Lung Cancer from Asbestos Exposure
Lung cancer is the leading cause of cancer deaths in the United States. According to the American Cancer Society, there are approximately 235,000 new cases diagnosed each year in the United States, and approximately 130,000 deaths. This cancer is associated with asbestos exposure.
Lung cancer is a type of cancer that begins its growth within the lungs. There are two major types: small-cell and non-small-cell. A third less common type of lung cancer is called carcinoid. There are also five sub-categories for cancer of the lungs. Small cell lung cancer can be small cell carcinoma (oat cell cancer) or combined small cell carcinoma.
Non-small cell lung cancer can be categorized as adenocarcinoma, squamous cell carcinoma, or large cell carcinoma. All types of lung cancer can be caused by exposure to asbestos. Inhaled asbestos fibers lodge in the lung tissue and over time contribute to the development of lung cancer. Once a tumor begins growing in the lungs, it may metastasize (or spread) to other parts of the body.
Victims of asbestos-associated lung cancer have often suffered from non-cancerous asbestosis before the lung cancer developed. Lung cancer may develop 20 or more years after initial asbestos exposure.
Does Exposure to Asbestos Cause Lung Cancer?
Inhalation of asbestos fibers has been linked to an increased risk of lung cancer in many medical studies. The greater the exposure to asbestos, the higher the risk of lung cancer.
Individuals who have been exposed (or suspect that they have been exposed) to asbestos fibers on the job, through the environment, or at home via a family contact should inform their doctor about their exposure history.
Asbestos Exposure and Smoking Tobacco
The likelihood of developing lung cancer after asbestos exposure is substantially increased in individuals who have smoked. While a person can develop lung cancer following asbestos exposure even if that person has no other risk factors, asbestos exposure in conjunction with cigarette smoking will exponentially increase the risk of developing lung cancer.
A smoker who was exposed to asbestos is 14.4 times more likely to develop lung cancer than a smoker who was not exposed to asbestos.
Studies have shown that individuals who both smoked and have been exposed to asbestos are 50-90 times more likely to develop lung cancer than a person who neither smoked nor was exposed to asbestos. Cigarette smokers who have been to asbestos and develop lung cancer are still entitled to compensation for their damages.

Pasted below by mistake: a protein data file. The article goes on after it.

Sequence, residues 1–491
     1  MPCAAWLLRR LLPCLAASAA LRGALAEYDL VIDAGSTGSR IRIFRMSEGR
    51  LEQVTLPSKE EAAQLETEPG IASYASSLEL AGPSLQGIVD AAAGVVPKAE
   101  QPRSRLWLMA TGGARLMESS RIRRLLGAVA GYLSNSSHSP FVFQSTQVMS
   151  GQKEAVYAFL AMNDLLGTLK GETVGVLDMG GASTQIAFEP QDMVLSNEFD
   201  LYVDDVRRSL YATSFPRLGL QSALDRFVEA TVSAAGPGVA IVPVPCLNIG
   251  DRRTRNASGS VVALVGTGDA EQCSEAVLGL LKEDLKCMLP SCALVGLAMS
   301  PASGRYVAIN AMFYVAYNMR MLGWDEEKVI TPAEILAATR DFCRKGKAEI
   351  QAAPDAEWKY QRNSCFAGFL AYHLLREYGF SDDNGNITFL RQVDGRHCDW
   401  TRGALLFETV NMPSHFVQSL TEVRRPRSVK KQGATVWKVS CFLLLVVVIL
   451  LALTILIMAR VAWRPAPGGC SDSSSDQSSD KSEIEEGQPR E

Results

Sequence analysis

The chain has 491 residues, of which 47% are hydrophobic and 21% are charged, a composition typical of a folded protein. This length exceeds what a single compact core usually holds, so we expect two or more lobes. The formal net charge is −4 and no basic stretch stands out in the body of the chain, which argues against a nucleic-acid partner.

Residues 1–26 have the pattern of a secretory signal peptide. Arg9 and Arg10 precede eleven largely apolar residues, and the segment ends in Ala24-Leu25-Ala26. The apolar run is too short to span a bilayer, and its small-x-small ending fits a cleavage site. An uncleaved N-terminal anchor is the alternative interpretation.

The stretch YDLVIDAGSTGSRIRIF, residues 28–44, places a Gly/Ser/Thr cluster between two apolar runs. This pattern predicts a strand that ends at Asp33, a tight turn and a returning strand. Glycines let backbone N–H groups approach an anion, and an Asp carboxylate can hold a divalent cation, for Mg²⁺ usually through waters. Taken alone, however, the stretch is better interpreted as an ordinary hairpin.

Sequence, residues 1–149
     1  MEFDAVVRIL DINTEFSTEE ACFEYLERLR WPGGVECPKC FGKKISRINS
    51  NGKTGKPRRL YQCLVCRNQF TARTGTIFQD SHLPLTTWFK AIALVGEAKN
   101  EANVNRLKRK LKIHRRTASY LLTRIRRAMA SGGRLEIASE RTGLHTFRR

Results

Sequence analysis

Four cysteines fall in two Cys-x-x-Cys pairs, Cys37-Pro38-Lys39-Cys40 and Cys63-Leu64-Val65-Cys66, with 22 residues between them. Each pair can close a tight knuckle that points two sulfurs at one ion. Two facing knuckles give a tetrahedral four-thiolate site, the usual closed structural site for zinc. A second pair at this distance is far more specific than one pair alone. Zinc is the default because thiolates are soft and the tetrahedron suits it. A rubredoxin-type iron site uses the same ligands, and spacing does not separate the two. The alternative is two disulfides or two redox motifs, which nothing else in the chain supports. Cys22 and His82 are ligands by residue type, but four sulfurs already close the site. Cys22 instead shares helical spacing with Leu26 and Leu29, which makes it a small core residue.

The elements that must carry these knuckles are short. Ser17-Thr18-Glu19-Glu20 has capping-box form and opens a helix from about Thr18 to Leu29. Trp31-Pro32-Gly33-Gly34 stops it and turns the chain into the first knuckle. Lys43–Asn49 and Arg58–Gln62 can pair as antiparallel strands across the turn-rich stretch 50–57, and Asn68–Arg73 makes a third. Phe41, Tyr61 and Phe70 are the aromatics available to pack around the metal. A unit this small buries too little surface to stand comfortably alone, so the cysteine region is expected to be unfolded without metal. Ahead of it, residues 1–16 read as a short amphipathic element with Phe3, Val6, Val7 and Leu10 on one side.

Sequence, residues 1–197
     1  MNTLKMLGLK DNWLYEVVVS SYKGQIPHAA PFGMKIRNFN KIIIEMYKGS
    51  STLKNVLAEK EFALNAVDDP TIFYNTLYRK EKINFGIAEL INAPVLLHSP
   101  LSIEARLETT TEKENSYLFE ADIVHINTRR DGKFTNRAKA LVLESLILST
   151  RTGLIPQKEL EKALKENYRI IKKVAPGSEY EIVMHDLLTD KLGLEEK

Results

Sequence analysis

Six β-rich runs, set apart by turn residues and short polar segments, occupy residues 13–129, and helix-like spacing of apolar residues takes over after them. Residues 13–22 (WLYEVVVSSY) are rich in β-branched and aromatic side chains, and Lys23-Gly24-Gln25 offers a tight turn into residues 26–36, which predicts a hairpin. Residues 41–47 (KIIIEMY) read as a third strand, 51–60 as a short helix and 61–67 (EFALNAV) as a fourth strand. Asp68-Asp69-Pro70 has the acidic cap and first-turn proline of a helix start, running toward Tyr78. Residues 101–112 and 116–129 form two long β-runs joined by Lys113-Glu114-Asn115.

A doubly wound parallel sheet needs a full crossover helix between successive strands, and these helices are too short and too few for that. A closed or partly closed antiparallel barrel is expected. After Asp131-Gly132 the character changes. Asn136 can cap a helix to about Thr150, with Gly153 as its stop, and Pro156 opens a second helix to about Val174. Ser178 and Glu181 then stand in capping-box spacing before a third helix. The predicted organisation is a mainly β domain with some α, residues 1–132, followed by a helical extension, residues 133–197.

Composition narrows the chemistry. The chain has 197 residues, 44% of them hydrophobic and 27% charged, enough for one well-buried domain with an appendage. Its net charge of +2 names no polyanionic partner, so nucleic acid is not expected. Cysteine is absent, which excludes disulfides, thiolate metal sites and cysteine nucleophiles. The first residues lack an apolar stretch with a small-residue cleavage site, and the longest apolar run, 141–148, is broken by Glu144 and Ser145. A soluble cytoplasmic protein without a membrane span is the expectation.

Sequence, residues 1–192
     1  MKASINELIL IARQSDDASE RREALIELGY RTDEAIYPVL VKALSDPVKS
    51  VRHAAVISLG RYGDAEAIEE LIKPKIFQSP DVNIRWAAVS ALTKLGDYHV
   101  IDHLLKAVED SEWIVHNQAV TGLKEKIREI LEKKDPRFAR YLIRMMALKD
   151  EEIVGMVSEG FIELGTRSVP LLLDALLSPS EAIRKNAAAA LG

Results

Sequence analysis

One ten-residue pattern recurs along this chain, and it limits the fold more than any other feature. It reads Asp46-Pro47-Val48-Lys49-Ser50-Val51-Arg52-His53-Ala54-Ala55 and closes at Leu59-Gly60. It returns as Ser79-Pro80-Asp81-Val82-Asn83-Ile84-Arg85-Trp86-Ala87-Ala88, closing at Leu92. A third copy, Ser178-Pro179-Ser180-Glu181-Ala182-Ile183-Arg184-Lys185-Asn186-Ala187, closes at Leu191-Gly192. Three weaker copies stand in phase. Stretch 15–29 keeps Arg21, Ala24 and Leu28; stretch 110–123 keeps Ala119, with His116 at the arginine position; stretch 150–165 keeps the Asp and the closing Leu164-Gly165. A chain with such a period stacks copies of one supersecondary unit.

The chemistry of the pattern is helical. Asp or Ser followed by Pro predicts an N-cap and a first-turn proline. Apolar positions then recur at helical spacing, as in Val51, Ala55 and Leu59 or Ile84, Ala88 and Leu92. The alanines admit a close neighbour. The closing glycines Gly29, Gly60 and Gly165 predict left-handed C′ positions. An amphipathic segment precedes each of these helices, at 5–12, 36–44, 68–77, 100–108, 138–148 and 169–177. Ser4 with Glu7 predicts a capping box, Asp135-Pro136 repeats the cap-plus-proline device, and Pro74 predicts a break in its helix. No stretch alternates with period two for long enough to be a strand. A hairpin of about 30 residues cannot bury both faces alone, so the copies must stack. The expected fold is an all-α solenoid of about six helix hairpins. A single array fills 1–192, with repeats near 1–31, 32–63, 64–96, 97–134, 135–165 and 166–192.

Symptoms of Lung Cancer
Roughly a quarter of all lung cancer patients do not show symptoms before they are diagnosed. The symptoms of asbestos-related cancer may not become apparent for many decades after the first asbestos exposure. It is particularly important to check with a doctor if any of the following symptoms develop:
- Shortness of breath
- A cough that does not go away or gets worse
- Coughing up blood or rust-colored spit or phlegm
- Chest pain that is often worse with deep breathing or coughing
- Loss of appetite
- Unexplained weight loss
- Feeling tired or weak
- Infections such as bronchitis and pneumonia that do not go away or keep coming back
How is lung cancer diagnosed?
A lung biopsy is a medically recognized procedure to confirm a diagnosis. Lung tissue or fluid may be taken by a bronchoscopy (a thin, lighted tube inserted through the nose or mouth that removes a tiny tissue sample from the lungs) or by a thoracentesis (a needle inserted through the chest into the lung).
The tissue or fluid sample will be examined under a microscope by a pathologist. If the pathologist diagnoses, your doctor will refer you to a cancer doctor, known as an oncologist. The oncologist will discuss treatment options and provide you with resources to better handle your diagnosis. A pathology report diagnosing lung cancer is essential to support a compensation claim.
What Factors Affect the Risk of Developing Asbestos-Related Lung Cancer?
- Dose (how much asbestos an individual was exposed to)
- Duration (how long an individual was exposed)
- Size, shape, and chemical makeup of the asbestos fibers
- Individual risk factors, such as smoking and pre-existing lung disease
- Length of time since asbestos exposure
 Asbestos, Smoking, and Lung Cancer: An Update (2020)
 Asbestos Exposure and Smoking: A Multiplicative Effect (2015)